I continue to have a love/hate relationship with philosophy. It can be the most boring of all ways to spend time reading, a perfect sedative. It should be the most stimulating of conversations. I continue to maintain that we are all philosophers, but most of us don’t know it.
I am currently reading Will Durant’s The Story of Philosophy. I believe Durant is primarily known as an historian, along with his wife. He writes well. Even a good writer cannot always make philosophy worth reading. I started the book in July of 2020 and in spurts have made it as far as page 314, about half way through. I am currently on the chapter dealing with Immanuel Kant.
On Kant he basically says the average layman can’t understand him.
“Kant is the last person in the world whom you should read on Kant. Our philosopher is like and unlike Jehovah; he speaks through clouds, but without the illumination of the lightning flash. He disdains examples and the concrete; they would have made his book too long, he argued. (So abbreviated it contains some 800 pages.) Only professional philosophers were expected to read him; and these would not need illustrations.” page 277So he recommends others who will explain and of course goes on to give an overview himself.
One problem is all the picky definitions that you must embrace to follow his thinking. Giving definitions is not a bad idea. We need to know what words mean and often we don’t. Take this collection of ordinary words,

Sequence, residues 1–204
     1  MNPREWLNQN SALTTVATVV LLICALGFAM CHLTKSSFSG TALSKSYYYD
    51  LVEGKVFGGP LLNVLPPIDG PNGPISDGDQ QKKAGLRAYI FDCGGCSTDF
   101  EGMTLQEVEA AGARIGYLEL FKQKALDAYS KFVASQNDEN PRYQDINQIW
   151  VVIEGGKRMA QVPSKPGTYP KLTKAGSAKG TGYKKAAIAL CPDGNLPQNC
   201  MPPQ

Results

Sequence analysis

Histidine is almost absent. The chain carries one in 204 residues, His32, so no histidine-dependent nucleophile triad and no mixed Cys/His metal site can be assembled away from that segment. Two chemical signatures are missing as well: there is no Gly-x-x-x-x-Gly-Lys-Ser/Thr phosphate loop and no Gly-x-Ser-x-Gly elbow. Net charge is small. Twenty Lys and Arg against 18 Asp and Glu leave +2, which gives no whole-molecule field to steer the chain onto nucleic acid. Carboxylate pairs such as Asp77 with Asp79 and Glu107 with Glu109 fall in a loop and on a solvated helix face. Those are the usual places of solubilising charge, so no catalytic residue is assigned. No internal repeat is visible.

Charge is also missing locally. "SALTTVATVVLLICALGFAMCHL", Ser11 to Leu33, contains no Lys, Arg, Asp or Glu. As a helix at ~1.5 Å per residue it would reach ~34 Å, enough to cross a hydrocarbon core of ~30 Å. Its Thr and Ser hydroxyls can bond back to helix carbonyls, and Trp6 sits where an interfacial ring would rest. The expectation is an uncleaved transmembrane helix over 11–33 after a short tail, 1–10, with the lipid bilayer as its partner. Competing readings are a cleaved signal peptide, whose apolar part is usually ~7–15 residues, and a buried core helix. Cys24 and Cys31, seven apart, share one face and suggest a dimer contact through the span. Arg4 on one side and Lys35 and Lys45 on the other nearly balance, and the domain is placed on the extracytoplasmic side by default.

“Sensation is unorganized stimulus, perception is organized sensation, conception is organized perception, science is organized knowledge, wisdom is organized life: each is a greater degree of order, and sequence, and unity.” pages 295-6Maybe that lights your fire. Durant takes several pages explaining what this means. I have no idea how many pages Kant used.
I ran into this trying to read Spinoza’s Ethics: Obscure definitions in which I understand each word but the combination is confusing. It remains to be seen if I will get any further.
Part of the problem may be the inadequate translations. Few of us today could read the Bible if it was not translated well. The same goes for the Koran. Translation is always a stumbling block in any reading.
Is a great thinker really a great thinker if no one can understand him or is he just a guru? I guess that is a philosophical question.
Durant, Will. The Story of Philosophy. Garden City, New York: Garden City Publishing Co., Inc., 1926.
homo unius libri